Dana Thalman won one of the university’s Student Academic Leadership Awards.
In February, Texas Tech University and the Texas Tech Parents Association announced the 2020 Student Academic Leadership Award recipients to honor outstanding students who excel both in and out of the classroom. We are highlighting Texas Tech University students who were recognized.
Dana Thalman, a recently graduated Honors College student who majored in chemical engineering through Texas Tech University's Edward E. Whitacre Jr. College of Engineering, made the most of her college career. She was a senior undergraduate student leader in the chemical engineering department, with interests in medical technology and a passion for service, community engagement and commitment to outreach.
Thalman has served in leadership roles for the student chapter of the American Institute of Chemical Engineers (AIChE) as the treasurer in 2018-2019 and as president this year. She led fundraising events for the Stroke and Aphasia Relief Program through the AIChE and the Texas Tech University Health Sciences Center (TTUHSC). She is a member of the Alpha Lambda Delta/Phi Eta Sigma Honor Society.
Thalman has been active in research in the lab of Ted Reid, a professor of ophthalmology through the School of Medicine at TTUHSC, since 2017. She investigated synergistic combinations of antibiotics for post-op recovery of patients with cataracts.
Thalman represented Texas Tech in a research internship at the University of Queensland in Brisbane, Australia, in Robert Capon's lab examining novel compounds with antibiotic properties against multi-drug resistant strains of tuberculosis, and in a National Science Foundation (NSF) Research Experience for Undergraduates at the University of California San Diego in Prashant Mali's lab researching teratomas as a model of embryonic human development. She also completed an engineering internship with Lucid Energy Group, a diversified energy company. Thalman plans to pursue a program where she'll simultaneously earn a doctor of medicine degree and a doctor of philosophy degree.
Thalman's dedication and hard work was recognized when she received one of the university's Student Academic Leadership Awards.
How are you a leader in the classroom?
To truly lead, leadership should be part of everything you do. This means striving for honor in the classroom. I choose to look at what I am learning as the springboard for my future. I find that by valuing what I am learning. I take classes, quizzes and homework much more seriously, which sets me up to be successful in them.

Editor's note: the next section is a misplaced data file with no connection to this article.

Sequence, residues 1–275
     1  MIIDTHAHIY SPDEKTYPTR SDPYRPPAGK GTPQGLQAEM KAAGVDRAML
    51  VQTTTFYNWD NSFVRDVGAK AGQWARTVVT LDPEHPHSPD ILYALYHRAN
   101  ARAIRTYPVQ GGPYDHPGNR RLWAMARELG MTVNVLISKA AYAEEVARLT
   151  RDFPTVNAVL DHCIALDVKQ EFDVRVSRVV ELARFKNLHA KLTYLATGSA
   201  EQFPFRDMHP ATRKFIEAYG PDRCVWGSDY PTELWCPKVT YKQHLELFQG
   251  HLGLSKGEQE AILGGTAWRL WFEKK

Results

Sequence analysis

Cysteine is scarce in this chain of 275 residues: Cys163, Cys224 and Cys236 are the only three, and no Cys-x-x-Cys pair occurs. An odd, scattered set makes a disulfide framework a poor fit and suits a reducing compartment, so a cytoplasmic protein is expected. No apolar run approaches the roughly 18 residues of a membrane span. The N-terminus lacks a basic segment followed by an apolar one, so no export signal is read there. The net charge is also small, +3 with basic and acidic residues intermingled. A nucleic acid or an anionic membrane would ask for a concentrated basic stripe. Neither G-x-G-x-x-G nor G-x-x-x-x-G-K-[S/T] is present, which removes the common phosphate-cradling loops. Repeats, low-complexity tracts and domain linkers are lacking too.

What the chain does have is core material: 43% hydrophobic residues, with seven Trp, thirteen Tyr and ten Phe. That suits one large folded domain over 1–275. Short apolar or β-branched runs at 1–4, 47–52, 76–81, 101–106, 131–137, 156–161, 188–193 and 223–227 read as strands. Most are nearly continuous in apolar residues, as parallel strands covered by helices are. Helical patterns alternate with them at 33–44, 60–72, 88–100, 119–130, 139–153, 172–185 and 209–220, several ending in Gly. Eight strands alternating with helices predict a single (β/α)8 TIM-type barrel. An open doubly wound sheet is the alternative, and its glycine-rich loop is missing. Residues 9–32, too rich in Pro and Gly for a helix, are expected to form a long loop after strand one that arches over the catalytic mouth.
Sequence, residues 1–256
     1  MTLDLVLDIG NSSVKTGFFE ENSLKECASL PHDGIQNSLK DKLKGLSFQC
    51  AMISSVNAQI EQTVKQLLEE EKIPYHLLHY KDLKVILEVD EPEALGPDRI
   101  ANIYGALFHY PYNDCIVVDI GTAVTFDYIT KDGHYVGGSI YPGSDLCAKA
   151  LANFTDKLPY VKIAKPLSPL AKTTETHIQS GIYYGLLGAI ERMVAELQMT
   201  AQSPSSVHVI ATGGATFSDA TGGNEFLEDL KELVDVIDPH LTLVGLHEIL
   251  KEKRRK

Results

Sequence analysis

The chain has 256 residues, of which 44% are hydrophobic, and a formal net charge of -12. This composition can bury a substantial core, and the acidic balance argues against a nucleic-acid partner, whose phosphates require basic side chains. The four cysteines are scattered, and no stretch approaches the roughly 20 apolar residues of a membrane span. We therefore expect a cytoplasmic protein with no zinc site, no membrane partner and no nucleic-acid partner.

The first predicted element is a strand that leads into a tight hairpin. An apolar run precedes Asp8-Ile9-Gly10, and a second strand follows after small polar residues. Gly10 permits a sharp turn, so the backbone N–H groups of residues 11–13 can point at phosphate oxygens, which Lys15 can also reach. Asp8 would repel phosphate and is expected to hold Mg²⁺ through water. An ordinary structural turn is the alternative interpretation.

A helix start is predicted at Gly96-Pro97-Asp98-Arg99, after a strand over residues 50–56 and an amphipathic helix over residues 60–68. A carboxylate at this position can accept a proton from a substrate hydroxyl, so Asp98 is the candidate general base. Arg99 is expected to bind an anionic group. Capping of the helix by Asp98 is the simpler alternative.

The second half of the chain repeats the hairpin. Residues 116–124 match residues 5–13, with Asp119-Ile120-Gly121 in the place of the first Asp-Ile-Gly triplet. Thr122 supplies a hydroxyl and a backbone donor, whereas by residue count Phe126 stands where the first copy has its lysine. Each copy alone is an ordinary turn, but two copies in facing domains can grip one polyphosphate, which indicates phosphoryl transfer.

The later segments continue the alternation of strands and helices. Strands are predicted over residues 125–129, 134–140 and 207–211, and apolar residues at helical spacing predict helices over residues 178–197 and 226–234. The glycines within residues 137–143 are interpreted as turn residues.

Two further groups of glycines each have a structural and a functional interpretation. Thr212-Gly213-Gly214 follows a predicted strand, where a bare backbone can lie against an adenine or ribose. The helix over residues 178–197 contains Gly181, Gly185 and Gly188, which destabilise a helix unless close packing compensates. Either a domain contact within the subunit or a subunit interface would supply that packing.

How are you a leader outside the classroom?
The most visible sign of leadership is being the president of AIChE, which has put me in a position to be a leader within my department. Often, leadership is just being willing to put in the work when something needs to be done and surrounding yourself with people who also are willing to do what it takes to make a goal successful. The best thing I have done for my department is talking good people into running for offices with me.
Why did you select your major?
Initially, I wanted to major in biomedical engineering and pursue a career in medical research. I was advised to get a broader foundation. I enjoyed chemistry in high school, so chemical engineering seemed like a natural choice. Now that I am looking forward to medical school, I am grateful I have a foundation in chemical engineering. The human body is a biological chemical plant, and looking at it that way has given me a unique perspective.
How do you intend to use your education in the future?
In the future, I plan to pursue a doctor of medicine degree and a doctor of philosophy degree and work in researching genetic diseases. Having a basis in chemical engineering will benefit me going forward. The body is a complex chemical factory, and looking at it from a "different" perspective will allow me to bring new ideas to the table. I am a firm believer that all learning experiences build on each other, and having a diverse background of knowledge will help me to succeed in the future.
How has Texas Tech helped you along the path to those goals?
The No. 1 way Texas Tech has allowed me to be successful in the present and plan for my future is by valuing me as a student. Texas Tech supports its students with opportunities like Undergraduate Research Scholars, presidential scholarships and study abroad scholarships. The idea of going to medical school is difficult enough without considering how to pay for it while repaying undergraduate student loans. When I talk to friends at other universities, I do not see the same support that Texas Tech gives their students.
The other way Texas Tech has supported me as a student is through the people who make Texas Tech the great university it is. From the moment I set foot on campus, I have had the opportunity to work with the most capable and caring faculty and students anywhere.
Who has had the biggest impact on you, and why?
The single biggest impact on my life has been my mom. Since I was little, my mom has believed in me and encouraged me to believe I could do anything. She also is the first person to call me out when I can do better. She has pushed me to succeed, and I can honestly say I would not be the person I am today without her.